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1936

Heather (21) and Betty (19) had been at home together, been at school together, and so had not been apart enough for them to have written letters to each other..  On the 27th May 1936, they had arrived back in England with their parents, after a trip round Central and South Africa.  On the voyage back, Betty had met and fallen in love with G.  In August, he asked her to marry him, and she accepted.  Heather was away in the North of England, so Betty wrote to tell her big sister of the engagement.

This was possibly the first letter from Betty to Heather, and it has not survived; but it prompted a reply from Heather, which is the first on this WebSite.

To read any letter click on its Link - the title starts with the date in yyyymmdd format, year, month, day - if month and / or day is zero, that is because the date is missing.  When you have finished a letter, just press Alt and the F4. key to return here:-

19360815  Heather to Betty, responding to news of Betty's engagement, 8 small hand-written pages.

Betty and G. were married on the 24th of September, 1936, and sailed on the Dunnottar Castle to Capetown.  Betty typed her letters home, with a copy to her parents and a copy to her parents-in-law - this she called a "portmanteau", and each copy often had an individual "suitcase" for that recipient.  Letters took about a month in transit, and replies another month.  Betty & G. cotinued their 1500 mile journey  by train from Capetown to Livingstone (then the capital of Northern Rhodesia).  They passed through Kimberley & Mafeking to Bulawayo, and on this leg Betty typed the first of her Potmanteaux, P 001, on 16 October 1936,  This was probably posted at Bulawayo, where (with half a day's lay-over) they changed trains for the last leg North.  The trains weren't very fast  probably about 40 mph -so the journey took a couple of days and nights.  Heather and Betty had done that trip earlier in the year with their parents; Heather now read that Portmanteau, and was prompted to reply :-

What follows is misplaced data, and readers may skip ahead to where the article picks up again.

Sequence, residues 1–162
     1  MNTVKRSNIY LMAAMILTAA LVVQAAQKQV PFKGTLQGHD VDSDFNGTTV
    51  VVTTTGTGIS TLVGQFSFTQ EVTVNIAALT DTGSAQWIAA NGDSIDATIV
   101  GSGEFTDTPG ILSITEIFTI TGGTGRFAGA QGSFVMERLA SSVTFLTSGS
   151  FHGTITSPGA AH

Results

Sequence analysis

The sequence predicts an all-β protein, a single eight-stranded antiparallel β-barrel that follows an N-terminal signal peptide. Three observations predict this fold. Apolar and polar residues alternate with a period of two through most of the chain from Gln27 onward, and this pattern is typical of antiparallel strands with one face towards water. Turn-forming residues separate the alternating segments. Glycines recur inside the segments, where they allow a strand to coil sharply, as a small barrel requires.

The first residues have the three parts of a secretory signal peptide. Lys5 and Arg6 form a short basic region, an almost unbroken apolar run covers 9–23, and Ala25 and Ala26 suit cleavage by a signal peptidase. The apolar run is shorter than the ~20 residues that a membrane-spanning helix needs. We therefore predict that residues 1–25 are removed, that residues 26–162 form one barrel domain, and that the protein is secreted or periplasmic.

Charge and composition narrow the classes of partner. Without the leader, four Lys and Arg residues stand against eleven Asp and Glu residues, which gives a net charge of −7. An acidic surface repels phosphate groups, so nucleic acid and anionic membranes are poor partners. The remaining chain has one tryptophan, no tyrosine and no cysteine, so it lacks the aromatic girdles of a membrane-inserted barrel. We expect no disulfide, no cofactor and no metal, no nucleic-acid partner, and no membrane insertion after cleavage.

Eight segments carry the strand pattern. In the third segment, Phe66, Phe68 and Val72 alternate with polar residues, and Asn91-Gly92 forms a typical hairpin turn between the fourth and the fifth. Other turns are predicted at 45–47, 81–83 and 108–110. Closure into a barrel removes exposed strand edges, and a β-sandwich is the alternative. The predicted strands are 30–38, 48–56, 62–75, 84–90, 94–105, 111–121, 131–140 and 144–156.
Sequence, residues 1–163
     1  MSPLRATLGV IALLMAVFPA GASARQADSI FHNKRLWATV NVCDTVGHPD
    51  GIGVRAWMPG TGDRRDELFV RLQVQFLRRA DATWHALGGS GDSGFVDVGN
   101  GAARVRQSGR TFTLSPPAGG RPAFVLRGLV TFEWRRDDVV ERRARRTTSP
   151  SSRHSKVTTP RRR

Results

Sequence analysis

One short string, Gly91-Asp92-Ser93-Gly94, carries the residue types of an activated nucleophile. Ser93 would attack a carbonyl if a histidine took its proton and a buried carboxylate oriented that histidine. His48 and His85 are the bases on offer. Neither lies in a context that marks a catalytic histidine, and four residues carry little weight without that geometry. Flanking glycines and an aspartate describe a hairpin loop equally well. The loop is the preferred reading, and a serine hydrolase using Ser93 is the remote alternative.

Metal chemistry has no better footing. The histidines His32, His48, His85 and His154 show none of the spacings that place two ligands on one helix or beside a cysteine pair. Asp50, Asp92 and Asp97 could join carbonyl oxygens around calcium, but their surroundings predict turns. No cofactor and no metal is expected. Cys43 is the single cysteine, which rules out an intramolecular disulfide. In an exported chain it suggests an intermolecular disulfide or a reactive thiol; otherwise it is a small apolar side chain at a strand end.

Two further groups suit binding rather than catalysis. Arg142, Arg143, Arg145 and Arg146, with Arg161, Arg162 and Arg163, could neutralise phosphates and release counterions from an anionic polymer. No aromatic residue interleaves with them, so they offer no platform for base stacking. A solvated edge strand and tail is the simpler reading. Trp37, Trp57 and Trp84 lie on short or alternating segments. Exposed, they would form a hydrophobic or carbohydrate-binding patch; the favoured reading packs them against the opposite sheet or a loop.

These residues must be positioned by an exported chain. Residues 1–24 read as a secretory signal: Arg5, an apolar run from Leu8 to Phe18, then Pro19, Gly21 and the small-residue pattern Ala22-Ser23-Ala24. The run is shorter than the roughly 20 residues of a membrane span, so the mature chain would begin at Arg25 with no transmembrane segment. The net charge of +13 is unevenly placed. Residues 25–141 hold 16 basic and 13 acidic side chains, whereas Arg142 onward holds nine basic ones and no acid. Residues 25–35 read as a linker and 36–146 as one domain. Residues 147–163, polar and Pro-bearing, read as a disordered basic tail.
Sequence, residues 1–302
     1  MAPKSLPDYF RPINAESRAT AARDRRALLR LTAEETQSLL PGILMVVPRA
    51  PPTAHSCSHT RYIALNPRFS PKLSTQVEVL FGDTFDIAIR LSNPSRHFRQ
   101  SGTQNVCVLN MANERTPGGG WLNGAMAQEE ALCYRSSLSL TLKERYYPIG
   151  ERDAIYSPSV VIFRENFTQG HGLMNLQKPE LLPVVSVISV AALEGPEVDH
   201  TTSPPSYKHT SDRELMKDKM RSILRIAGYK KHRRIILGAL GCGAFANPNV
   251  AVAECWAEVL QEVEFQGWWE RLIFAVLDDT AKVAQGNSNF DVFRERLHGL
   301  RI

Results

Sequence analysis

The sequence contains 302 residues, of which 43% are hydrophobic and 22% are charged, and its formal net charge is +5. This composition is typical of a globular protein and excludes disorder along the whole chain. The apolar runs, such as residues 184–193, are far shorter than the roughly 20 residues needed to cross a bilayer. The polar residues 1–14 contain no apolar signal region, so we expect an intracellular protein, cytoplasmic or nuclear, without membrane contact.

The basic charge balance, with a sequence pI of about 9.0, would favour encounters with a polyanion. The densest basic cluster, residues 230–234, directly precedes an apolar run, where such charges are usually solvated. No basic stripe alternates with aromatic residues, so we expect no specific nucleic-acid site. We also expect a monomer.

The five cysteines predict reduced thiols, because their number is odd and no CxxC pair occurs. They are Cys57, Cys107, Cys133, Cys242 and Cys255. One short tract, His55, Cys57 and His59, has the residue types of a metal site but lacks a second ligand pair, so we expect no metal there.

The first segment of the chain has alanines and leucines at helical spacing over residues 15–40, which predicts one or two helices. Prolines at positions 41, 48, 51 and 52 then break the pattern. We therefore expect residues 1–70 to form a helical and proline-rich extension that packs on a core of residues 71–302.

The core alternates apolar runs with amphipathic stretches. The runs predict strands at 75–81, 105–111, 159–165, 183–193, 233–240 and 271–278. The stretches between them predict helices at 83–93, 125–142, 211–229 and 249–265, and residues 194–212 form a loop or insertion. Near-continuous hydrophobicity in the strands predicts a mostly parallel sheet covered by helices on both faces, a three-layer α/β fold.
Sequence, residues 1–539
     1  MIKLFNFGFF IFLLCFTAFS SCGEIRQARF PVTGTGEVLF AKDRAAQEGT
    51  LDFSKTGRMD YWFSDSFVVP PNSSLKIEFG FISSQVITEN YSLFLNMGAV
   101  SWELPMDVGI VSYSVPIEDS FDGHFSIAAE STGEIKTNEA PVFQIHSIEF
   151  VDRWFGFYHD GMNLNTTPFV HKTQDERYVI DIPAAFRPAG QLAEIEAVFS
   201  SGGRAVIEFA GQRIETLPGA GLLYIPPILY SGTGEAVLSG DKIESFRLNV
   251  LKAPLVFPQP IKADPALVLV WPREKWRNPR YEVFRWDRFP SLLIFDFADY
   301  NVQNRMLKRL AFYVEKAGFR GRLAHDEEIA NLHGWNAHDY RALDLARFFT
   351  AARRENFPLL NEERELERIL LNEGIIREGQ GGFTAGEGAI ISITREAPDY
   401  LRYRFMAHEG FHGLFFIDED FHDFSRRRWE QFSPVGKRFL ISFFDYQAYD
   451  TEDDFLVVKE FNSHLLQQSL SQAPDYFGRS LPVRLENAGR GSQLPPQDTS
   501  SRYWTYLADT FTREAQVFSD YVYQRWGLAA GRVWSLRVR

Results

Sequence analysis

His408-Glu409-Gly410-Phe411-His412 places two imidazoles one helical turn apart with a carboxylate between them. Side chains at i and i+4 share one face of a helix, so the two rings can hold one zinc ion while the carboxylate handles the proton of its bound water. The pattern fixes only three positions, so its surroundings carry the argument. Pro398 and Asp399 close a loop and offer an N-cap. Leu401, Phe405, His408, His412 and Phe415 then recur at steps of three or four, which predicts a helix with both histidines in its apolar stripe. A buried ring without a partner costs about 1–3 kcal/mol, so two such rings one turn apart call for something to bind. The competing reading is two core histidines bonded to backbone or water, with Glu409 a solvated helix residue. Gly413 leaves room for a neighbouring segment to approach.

19361028 Heather to Betty. reaction to Betty's first letter home from Africa, 13 typed pags 

Betty continued her journey by train up to Livingstone, and from there by barge up the Zambesi to Sesheke.  

The two sisters usually called each other "Duckie".  The girls' parents' house was called Pax, or Pax Hill.  It had been bought in the week after Armistice Day (11th November, 1918).

Soon after the wedding, Heather fell ill, but recovered.

19361117 Heather to Betty, describing her illness, 10 typed pages

The next letter, written a week later, was sent in two parts; Heather stopped to catch the post with what she had written, then continued.  Part Two would have arrived perhaps a week after Part 1.

19361123 Heather to Betty - Part 1 - on hearing of Betty's pregnancy, 5 typed pages, 

19361123 Heather to Betty - Part 2 - 16 typed pages

Three busy weeks went by, then Heather wrote again -.

19361214 Heather to Betty, from Pax - Social life (Dartmouth, Newcastle.) Mrs Simpson; preparing to go to India.  21 typed pages

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